One MediaCorp actress wore a loose corset-top and social media buzzed like crazy
Carrie Wong in a leather Fendi corset. Photo: carriewst/Instagram
It is easy to say an actress is badly-dressed. The thing is, she may not even be aware of it. There are actresses who wear whatever is presented to them, without considering how they might appear to those the stars are outfitted to dazzle. Carrie Wong (黄思恬) could have been similarly unaware, or inattentive, or just indifferent. Last Wednesday, she wore a brown Fendi leather corset—likely loan to her—for the opening of the brand’s newly refurbished store in Takashimaya Shopping Centre. Photographs of her were shared on her WhatsApp page, and many of her followers noticed that she was not able to fill the two parts of the outfit usually described as “cups”. The critical Netizens were not wrong, but some, admittedly, have been cruel in their description of hers not runneth over. The reactions did bring to mind the just-as-harsh comments by the many who were not impressed by influencer Chrysan Lee’s choice of a scanty Shein top. Time and again, we see the less well-endowed are inclined to not be aware that they are.
Some Netizens think Carrie Wong had only herself to blame: Even if Fendi gave the outfit to her, she could have said no to that attire, they insisted. Stars attending these brand events are expected to wear something from that brand. You do not show up at a Fendi store opening wearing Dior (even if they are both from the same LVMH stable); you appear as Fendi’s model, not as an individual with your own taste or trace of discernment. It is possible that Ms Wong did not have a chance to take a pick from the rack made available to attendees from MediaCorp, or was the last to choose. It is also possible that a mirror was not available to her. Still, she might have discovered something amiss if she looked down at her corset top, which 8 Days curiously called “edgy” (they are especially fond of that word—a convenient euphemism). Surely she must have seen the deflated parts. Or, were the dimples on the bust what gave the top the edginess only 8 Days saw?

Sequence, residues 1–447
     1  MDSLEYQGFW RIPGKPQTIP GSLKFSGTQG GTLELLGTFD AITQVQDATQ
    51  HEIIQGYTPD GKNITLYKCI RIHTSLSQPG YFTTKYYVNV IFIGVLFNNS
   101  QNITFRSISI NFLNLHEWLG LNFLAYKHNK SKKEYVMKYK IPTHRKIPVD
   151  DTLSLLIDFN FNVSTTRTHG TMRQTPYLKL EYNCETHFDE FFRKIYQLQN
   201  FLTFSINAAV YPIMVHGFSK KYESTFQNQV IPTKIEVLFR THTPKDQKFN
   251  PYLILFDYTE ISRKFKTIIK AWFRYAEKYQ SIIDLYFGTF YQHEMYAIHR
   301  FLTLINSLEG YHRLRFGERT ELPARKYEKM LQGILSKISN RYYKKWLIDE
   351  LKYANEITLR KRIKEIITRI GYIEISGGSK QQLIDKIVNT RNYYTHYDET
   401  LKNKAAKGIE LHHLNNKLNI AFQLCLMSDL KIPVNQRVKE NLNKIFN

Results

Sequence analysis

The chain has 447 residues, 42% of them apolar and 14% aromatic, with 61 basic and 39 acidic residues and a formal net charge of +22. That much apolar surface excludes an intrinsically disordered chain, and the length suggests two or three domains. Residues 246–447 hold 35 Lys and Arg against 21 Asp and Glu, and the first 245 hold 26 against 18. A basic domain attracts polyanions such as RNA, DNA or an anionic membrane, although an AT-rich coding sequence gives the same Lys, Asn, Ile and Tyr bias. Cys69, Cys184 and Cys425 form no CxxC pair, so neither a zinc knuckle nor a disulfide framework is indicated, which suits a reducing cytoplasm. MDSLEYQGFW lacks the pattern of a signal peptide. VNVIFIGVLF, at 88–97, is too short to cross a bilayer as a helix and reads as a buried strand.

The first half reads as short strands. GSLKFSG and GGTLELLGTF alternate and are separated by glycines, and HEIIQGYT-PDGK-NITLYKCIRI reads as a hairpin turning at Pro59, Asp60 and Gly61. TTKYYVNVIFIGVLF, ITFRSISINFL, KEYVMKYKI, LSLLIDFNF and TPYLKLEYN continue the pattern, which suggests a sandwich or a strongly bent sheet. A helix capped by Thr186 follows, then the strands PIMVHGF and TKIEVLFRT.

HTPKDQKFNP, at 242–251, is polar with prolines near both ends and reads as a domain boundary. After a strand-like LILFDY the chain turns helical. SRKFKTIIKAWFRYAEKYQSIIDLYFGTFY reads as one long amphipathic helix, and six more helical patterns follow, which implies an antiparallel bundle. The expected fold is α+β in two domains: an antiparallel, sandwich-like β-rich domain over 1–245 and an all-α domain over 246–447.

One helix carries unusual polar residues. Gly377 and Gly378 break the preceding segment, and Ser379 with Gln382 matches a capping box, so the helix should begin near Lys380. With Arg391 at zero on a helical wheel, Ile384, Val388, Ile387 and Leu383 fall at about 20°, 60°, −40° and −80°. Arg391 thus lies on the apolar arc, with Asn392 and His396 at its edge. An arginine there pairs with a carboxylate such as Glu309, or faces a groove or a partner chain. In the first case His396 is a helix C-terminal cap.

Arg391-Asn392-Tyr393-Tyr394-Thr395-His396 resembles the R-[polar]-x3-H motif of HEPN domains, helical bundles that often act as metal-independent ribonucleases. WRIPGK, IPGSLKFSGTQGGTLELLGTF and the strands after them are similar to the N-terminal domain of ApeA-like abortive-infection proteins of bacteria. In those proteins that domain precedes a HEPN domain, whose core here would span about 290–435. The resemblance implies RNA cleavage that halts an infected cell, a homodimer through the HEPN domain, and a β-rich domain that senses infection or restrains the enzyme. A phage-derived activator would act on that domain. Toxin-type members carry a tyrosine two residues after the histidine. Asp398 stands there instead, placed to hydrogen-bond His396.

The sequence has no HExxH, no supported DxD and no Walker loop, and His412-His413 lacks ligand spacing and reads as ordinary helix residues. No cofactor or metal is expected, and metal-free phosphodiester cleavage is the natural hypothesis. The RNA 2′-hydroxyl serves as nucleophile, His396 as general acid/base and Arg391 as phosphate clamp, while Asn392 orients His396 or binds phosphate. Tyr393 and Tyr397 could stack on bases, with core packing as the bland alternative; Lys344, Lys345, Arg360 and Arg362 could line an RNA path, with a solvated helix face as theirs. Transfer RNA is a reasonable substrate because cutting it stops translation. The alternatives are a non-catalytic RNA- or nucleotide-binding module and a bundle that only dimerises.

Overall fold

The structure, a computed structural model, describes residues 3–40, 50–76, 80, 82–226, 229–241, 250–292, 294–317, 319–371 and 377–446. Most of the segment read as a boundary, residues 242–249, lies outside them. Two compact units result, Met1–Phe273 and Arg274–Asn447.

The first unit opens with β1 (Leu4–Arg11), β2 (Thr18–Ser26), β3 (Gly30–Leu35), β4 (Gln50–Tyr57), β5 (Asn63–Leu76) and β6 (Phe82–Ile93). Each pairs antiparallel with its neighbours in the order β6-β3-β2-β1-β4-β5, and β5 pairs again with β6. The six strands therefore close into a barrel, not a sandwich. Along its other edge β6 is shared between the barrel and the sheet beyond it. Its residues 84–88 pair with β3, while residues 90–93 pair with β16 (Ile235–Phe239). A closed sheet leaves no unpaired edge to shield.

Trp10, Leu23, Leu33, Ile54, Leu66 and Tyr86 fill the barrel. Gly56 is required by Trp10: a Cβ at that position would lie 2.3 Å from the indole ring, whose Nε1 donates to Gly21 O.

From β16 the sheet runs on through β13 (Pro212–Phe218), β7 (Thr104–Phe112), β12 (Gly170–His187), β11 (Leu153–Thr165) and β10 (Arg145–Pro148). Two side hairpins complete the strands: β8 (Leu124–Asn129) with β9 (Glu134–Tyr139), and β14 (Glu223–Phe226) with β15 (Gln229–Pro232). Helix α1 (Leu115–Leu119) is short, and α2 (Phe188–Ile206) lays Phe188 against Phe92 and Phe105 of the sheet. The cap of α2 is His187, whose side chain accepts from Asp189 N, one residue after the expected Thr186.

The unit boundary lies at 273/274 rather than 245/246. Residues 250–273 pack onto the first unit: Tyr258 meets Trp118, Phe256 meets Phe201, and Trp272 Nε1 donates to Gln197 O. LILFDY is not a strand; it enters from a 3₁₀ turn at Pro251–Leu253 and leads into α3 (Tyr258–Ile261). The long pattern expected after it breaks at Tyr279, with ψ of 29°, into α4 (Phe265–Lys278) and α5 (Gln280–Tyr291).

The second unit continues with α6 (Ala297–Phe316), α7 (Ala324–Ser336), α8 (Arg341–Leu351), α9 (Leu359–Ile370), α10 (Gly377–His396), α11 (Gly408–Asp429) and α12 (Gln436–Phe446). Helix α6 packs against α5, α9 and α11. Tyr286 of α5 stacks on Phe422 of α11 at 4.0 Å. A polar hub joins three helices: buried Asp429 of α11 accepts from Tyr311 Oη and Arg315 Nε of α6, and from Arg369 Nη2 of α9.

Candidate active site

We suspect fit didn’t matter to Ms Wong, or smooth contours. She is not as “flat” as many commentators considered her to be, but the top really did not fit, let alone flatter her. Leather corsets, when worn, are expected to be as tought as rugby balls. Perhaps she was drawn to it because it afforded her freedom of movement. Sleeves could be impediment to motion or gesticulation. With this corset-top, she was able to assume a certain posture, even if was not tight enough to position her rigidly upright or trussed up. The irony in this is that a corset is a form-fitting garment—it is designed to encase the body snugly (even the bodice is not a close fit on her). With a corset, as the saying in the halcyon days of corsetry went, “a lady does not stoop”. Perhaps Ms Wong had no idea. In an age of the anti-fit, as seen in Gucci, or the oversized, as seen in Balenciaga, it is possible that Ms Wong, like so many of her contemporaries, is clueless about what exactly is a good fit. Or, a good fill.